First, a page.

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It's no secret that data is expanding. According to some researchers, the volume of data is growing by nearly 60 percent annually. From communications to finance and operations, better use of information can strengthen insights and help companies make fast, accurate decisions. Add too much data and the weight of information can strain storage systems and servers—causing decisions to be made with incomplete or inaccurate information. But with a more dynamic infrastructure, information overload is controlled, so IT and business processes can come together to drive significantly more business value, without straining an organization’s resources.

Cost-effective, reliable access is everything

As the world becomes smarter and more interconnected, companies need agility to respond to new opportunities and market demands. This takes fast, cost-effective, reliable information access. But for many midsized businesses, the cost of managing information steadily increases as new data demands arise. For example, the stopgap measure of adding more servers and storage devices cannot address long-term data management requirements. Eventually, each of these boxes will be filled to the brim where just a little more data will again overwhelm resources.

When access is jeopardized, the rest of the business can suffer. IT service levels are likely to be missed, information security is diminished and audits cannot be performed. In worst-case scenarios, mismanagement of information impacts brand equity as consumers today move faster than ever to terminate relationships with businesses that report data losses and security breaches.

It doesn't have to be that way. Information infrastructure is one of the primary components of a dynamic infrastructure, and can help clients focus on four core capabilities: information compliance, availability, retention and security. With these four pillars in place, companies can reduce costs while also increasing the capabilities of existing IT investments.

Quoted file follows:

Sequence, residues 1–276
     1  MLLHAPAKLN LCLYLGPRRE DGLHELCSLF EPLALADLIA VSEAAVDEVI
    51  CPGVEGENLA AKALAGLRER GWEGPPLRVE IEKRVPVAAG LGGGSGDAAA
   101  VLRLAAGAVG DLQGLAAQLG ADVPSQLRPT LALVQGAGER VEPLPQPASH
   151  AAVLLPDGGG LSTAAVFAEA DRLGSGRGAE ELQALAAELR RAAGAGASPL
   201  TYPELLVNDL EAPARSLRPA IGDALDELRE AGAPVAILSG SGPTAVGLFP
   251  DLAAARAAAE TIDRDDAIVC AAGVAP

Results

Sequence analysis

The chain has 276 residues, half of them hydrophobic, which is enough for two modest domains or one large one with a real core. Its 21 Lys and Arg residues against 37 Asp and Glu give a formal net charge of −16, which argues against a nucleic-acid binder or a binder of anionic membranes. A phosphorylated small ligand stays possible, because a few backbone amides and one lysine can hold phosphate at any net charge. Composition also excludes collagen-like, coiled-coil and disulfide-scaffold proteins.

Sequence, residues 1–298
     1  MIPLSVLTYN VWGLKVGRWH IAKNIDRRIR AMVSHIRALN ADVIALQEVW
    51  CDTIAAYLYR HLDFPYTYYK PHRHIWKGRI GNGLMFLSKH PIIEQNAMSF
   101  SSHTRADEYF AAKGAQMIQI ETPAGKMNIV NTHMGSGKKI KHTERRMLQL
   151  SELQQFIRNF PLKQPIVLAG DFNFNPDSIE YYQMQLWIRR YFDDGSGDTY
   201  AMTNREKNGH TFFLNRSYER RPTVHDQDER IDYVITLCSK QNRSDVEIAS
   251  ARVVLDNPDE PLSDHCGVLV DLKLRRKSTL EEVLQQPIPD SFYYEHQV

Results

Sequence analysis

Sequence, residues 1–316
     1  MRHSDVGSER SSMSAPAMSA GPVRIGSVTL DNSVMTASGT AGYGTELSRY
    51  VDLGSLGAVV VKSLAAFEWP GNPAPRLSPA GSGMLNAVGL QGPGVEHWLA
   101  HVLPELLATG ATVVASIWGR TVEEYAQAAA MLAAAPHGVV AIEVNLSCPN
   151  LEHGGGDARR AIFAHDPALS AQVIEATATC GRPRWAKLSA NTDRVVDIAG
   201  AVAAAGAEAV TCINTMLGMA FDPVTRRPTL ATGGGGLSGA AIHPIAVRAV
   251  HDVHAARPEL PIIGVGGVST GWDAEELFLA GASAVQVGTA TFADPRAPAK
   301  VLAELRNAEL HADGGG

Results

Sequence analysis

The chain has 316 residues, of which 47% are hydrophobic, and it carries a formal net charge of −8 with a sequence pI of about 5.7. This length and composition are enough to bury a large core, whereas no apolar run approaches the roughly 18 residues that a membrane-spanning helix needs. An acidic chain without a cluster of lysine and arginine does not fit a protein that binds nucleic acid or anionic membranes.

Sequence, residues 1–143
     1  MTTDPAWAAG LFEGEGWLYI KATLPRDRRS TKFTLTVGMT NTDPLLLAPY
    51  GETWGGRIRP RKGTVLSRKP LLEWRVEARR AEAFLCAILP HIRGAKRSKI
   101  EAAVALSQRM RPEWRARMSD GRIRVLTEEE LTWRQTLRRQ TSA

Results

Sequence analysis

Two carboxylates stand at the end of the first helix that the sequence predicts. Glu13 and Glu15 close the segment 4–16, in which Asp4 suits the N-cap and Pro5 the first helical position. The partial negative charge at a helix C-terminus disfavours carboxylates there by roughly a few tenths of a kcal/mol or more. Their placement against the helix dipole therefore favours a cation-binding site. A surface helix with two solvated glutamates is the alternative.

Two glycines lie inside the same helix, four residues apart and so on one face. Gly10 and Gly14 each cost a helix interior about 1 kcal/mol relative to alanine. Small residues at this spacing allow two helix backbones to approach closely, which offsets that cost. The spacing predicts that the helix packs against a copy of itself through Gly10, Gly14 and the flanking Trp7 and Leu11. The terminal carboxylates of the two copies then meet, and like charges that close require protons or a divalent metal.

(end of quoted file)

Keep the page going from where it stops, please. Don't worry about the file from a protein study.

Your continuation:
"The reason clients choose an information infrastructure approach is specifically to help simplify storage management—which helps reduce costs—but also to make sure we have enough of an infrastructure in place to keep the risk level down, keep the information availability up, and make sure that we're providing the right level of data protection," says Mike Barton, a marketing manager for IBM Systems Storage. "In almost every case, information infrastructure is an incremental add-on to what companies already own, so easy integration is critical."

Unlocking information assets boosts competitiveness

Information should be treated as a valuable asset. With continuous, reliable and secure access to these assets, midsized companies can act on new market opportunities quickly and effectively. The more information a company uses to make decisions, the greater the potential upside.

"We're helping clients build smarter systems using the wealth of information assets available. These new systems have more intelligence because they can process more information in new ways, and can help create a smarter planet," says Barton. "Information is what makes these systems smarter. Information must be readily available, and that's where information infrastructure comes in."

With a holistic approach to an information infrastructure, companies can deploy tools such as business intelligence (BI) to get more insight and improve decision making. Today's BI tools, for example, can collect data from more sources and analyze it an order of magnitude faster than before. And as systems become more interconnected, the need to gather information from multiple sources will grow, Barton says.